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MLS veteran Lopez reflects on World Cups, past and present

COMMERCE CITY, Colo. — Everybody likes a good prediction for the World Cup, and there has been no shortage of those in the run-up to the 2010 version currently underway.

Ultimately, though, predictions are largely useless. What players who have actually been involved in the tournament will tell you is that there are so many intangibles that can happen in the course of the few weeks that cannot be predicted.

A poor call there, a run of luck elsewhere. A more illustrious opponent not at peak form on the day it matters. Injuries, confidence—or lack of it—and momentum.

Claudio Lopez, lately of the Colorado Rapids but also a former Wizards, Lazio, Valencia and Club America player, knows what it is like to play at the highest level and how the little unpredictable things can either make or break a team on the biggest soccer stage of all. The midfielder first played in France in the 1998 World Cup for his native Argentina and in Japan and South Korea four years later.

The 1998 version is his fondest memory.

“It was my first World Cup, so everything was good,” he told

Everything was good, that is, until Argentina were knocked out at the quarterfinal stage by a Dutch team inspired by Dennis Bergkamp. Bergkamp scored one of the greatest ever World Cup goals right at the death, controlling a long pass with one touch and rifling it in on the volley to allow Holland to get to the semifinals, where they eventually lost to Brazil on penalty kicks. The game needed such a spark of magic to decide it, Lopez said.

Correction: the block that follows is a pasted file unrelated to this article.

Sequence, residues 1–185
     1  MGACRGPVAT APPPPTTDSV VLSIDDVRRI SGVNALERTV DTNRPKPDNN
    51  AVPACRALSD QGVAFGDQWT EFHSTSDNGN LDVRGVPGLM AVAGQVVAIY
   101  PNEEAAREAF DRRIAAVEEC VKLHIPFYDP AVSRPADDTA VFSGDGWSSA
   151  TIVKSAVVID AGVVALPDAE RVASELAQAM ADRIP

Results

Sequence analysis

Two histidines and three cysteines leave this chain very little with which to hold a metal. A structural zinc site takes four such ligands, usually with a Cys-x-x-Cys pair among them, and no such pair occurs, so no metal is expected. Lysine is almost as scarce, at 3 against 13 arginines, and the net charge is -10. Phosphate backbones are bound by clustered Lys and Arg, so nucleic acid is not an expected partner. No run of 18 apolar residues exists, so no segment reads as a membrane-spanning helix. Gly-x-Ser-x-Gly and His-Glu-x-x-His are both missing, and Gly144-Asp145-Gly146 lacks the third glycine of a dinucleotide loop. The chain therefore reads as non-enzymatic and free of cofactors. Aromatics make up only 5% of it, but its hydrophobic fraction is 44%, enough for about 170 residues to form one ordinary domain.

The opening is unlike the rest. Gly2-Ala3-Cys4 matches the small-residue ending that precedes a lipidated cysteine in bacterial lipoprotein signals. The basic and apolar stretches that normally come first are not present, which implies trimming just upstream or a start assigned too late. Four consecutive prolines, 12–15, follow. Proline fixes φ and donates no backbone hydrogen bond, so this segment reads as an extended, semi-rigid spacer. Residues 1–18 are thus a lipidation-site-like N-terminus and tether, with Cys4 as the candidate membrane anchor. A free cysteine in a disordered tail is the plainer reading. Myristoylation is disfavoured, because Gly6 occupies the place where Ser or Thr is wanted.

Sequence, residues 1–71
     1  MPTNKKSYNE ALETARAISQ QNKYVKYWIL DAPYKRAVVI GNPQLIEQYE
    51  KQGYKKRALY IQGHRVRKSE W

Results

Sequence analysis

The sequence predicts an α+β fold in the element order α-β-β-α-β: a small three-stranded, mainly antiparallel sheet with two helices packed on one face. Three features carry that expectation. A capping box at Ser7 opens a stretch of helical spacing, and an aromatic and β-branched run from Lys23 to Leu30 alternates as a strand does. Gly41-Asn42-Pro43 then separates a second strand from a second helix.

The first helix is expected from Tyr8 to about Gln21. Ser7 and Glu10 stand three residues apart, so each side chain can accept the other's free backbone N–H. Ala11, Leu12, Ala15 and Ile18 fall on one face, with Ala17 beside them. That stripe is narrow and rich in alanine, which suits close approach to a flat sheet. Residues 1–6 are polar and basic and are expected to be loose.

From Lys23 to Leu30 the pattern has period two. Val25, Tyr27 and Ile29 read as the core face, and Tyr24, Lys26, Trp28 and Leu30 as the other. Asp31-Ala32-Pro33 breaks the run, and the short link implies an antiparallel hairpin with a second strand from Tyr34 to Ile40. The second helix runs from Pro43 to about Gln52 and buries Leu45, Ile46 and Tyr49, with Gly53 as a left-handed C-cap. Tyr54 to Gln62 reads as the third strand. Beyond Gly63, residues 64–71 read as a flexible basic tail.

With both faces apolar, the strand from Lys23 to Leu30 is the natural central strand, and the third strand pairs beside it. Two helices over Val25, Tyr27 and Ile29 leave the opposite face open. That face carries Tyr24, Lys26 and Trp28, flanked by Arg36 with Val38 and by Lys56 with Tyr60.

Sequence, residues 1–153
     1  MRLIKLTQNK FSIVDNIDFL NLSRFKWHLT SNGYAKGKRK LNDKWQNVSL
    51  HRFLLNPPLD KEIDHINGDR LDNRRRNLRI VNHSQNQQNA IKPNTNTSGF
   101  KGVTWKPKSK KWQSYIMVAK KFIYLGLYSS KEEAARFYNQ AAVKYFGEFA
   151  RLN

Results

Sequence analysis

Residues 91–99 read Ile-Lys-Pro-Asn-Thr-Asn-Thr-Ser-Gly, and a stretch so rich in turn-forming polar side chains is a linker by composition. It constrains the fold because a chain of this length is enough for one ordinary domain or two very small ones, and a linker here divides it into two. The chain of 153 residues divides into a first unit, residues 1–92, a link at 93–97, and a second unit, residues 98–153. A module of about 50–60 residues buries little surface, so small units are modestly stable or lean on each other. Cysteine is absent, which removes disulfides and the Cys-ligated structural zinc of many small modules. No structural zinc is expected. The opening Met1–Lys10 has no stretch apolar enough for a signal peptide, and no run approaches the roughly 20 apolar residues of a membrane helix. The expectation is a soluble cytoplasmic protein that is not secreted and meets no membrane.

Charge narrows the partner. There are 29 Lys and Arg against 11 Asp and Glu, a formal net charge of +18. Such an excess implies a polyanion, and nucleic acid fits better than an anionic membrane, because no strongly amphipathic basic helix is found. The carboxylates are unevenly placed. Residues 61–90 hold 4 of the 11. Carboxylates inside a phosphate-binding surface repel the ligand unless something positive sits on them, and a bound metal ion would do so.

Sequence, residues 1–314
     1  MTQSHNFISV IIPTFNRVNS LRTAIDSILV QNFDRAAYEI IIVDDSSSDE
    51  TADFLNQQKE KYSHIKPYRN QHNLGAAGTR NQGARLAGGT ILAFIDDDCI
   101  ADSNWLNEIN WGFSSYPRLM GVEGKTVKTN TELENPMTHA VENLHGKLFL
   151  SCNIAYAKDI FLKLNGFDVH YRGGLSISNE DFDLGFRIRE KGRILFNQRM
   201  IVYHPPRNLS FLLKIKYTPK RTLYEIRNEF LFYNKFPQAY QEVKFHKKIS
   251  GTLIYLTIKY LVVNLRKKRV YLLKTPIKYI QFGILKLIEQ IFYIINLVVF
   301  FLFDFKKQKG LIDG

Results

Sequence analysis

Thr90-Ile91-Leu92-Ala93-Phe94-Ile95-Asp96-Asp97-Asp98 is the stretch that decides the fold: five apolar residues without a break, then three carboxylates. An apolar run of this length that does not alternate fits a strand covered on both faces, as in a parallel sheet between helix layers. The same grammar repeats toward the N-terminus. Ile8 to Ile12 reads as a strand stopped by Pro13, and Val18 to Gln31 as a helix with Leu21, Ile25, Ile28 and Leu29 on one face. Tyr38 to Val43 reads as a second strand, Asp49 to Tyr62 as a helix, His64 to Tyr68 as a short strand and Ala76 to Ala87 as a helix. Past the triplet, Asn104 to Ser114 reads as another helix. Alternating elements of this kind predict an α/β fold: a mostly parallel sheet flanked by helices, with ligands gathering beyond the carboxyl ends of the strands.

“It was the only way for them,” he said. “The game was so close, it was so tight.”

But, disappointments aside at getting knocked out, the 1998 tournament lingers more pleasantly in his memory as his first World Cup experience, not to mention the fact that he also scored his only World Cup goal in the Dutch game, planting the ball though Edwin Van der Sar’s legs for an equalizer.

Teammate Gabriel Batistuta was wide open to his right but Lopez went the more direct route. “I didn’t see anybody,” he said. “It was the only way I could score.”

The 2002 version was not so rich an experience. There was widespread shock as Argentina failed even to make it out of their group, stung by a 1-0 defeat by England on a David Beckham penalty in the second game. Talk about the importance of momentum, or the lack of it. Lopez said the team had trained so hard for the England game in the week leading up to the game. To then suffer such a defeat took all the wind out of them and they couldn’t get any mojo back for their final must-win game against Sweden. A draw ensued against the Scandinavians and Argentina were going home.

“After the England game, we lost something there—we never recovered,” Lopez said. “We played so much in that game and we lost something. Something changed after that.”

The team that had so famously beaten England in the 1998 round of 16 when Beckham was sent off and his effigy burned all over England, teenager Michael Owen scored a wonder goal and Sol Campbell’s bullet header was disallowed at the death, lost to the same opponents on a penalty kick four years later and their tournament was done, at least mentally.

Maybe that’s a fault of the coaching staff at the time not to rally their troops sufficiently for the final game but it does show how fine the line is between triumph and success. A line that many pundits openly ignore when confidently coming up with predictions on the beautiful game that can never hold any water.

For the record, Lopez predicts Argentina will get it done this time. All that suffering in World Cup qualifying will strengthen the team’s resolve and help them lift the treasured cup.